It is unclear whether London is enjoying an Arthur Miller renaissance or whether he is one of those playwrights, like Ibsen or Chekhov, who is bankable enough and with enough star roles in the canon that he will always hover on the fringes ready for a new production. Either way, David Suchet and Zoe Wanamaker combined in a pretty much perfect, highly traditional, All My Sons back in 2010, whilst earlier this year Ivo van Hove gave us a radically stripped back A View From A Bridge built around an absolutely blistering performance by Mark Strong.
Now, just metres down the road from where Strong put in a decent early bid for performance of the year, we have Miller’s The Crucible; a play that is audacious enough to not just have one Eddie Carbone role but several. It is Richard Armitage, playing John Proctor, who dominates the posters – one presumes Hobbit-y fame and a suitably jawline is the primary reason for this but it is a rather misleading image; Proctor may be a central figure, but this is a play that revels in a large cast and in the searching light that Miller casts across the residents of Salem.
That minor quibble aside, a mark of the power of this production is that the audience sat rapt for 3½ hours on the hottest day of the year whilst being subjected to periodic blasts of burning herbs and smoke effects. As good as Miller’s writing may by, those conditions did have the potential to induce a most literal understanding of the play’s title to the poor, sweltering audience members.
It is to the full credit of Yaël Farber that the long running time rarely seems like a drain and the action, simply staged but highly evocative of the period, speeds along building an inexorable momentum through to the third act climax before the sudden transition to a final act of quiet, where the heady atmosphere that has propelled the trials disappears with the disappearance of Abigail and space is given to reflection, on both spiritual and human levels. This is the much-needed calm after the storm and the reflection is for both Miller’s characters and for the audience who are suddenly pulled back out of the manic paranoia of the town.
Farber was responsible for the wildly successful Mies Julie – a South African-set re-examining of Strindberg’s classic – and given the contemporary allegories can be seen as strong now as they were when Miller wrote the play in the long shadow of McCarthyism, it must of have been tempting to look for a way to pin The Crucible to the modern world.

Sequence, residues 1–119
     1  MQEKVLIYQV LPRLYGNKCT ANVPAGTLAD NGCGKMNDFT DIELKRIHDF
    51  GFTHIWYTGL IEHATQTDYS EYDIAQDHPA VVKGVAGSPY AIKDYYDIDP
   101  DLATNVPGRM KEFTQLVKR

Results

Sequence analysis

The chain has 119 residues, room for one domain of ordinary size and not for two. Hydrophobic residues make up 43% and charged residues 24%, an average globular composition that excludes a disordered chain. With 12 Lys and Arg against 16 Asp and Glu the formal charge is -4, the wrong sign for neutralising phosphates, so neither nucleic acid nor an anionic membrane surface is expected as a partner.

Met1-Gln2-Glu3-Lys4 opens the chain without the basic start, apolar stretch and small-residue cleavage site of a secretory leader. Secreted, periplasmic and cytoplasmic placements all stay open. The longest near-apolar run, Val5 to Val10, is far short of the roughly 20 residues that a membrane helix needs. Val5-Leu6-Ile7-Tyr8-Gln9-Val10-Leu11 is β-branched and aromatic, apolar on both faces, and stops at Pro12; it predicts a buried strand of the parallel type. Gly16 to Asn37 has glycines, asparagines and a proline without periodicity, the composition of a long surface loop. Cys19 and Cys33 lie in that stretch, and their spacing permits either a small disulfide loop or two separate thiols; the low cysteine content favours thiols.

However Farber plays it straight and lets the parallels speak for themselves. It is Miller’s ability to create characters that are of their time but are yet clearly visible in the 21s century that makes The Crucible such an enduring work. The manipulations of Abigail, the fallibility of John Proctor and the hypocrisy of Judge Danforth are traits that are, and will remain, commonplace for as long as there are still humans walking the earth.
The characters in The Crucible may talk in terms of the soul but Miller’s writing is concerned about the psyche. There may be much talk about God and the Devil but it is human emotion that drives much of the action and Farber conjures up periods of quiet amid the maelstrom that allows the audience a moment to glance into the hidden frailties of the characters.
It is there when we see the look on Elizabeth Proctor’s (Anna Madeley) at the point she realises that when she stopped being a ‘good’ woman in order to protect her husband, she had in fact damned him, or it can be seen in the wheedling nature of Cheever’s response to Proctor that ‘I am the clerk of the court now, y’know […]’. We see in an instant that this is not a man doing what he believes but one who has seen the way the wind is blowing and the material advantage of taking sides; we see that to the very core this is a man who is dangerous precisely because he is weak.
It opens with a striking simple image of the cast gathered on stage subject to full scrutiny from the audience and from each other; each is tense and averting their gaze. It is a powerful opening and suggestive of a community where suspicion is the norm. Farber summons up a number of similarly powerful montages and these tableaus are presented with the air of ritual that continually brings the play back to the town’s obsession with religion, devilry and witchcraft.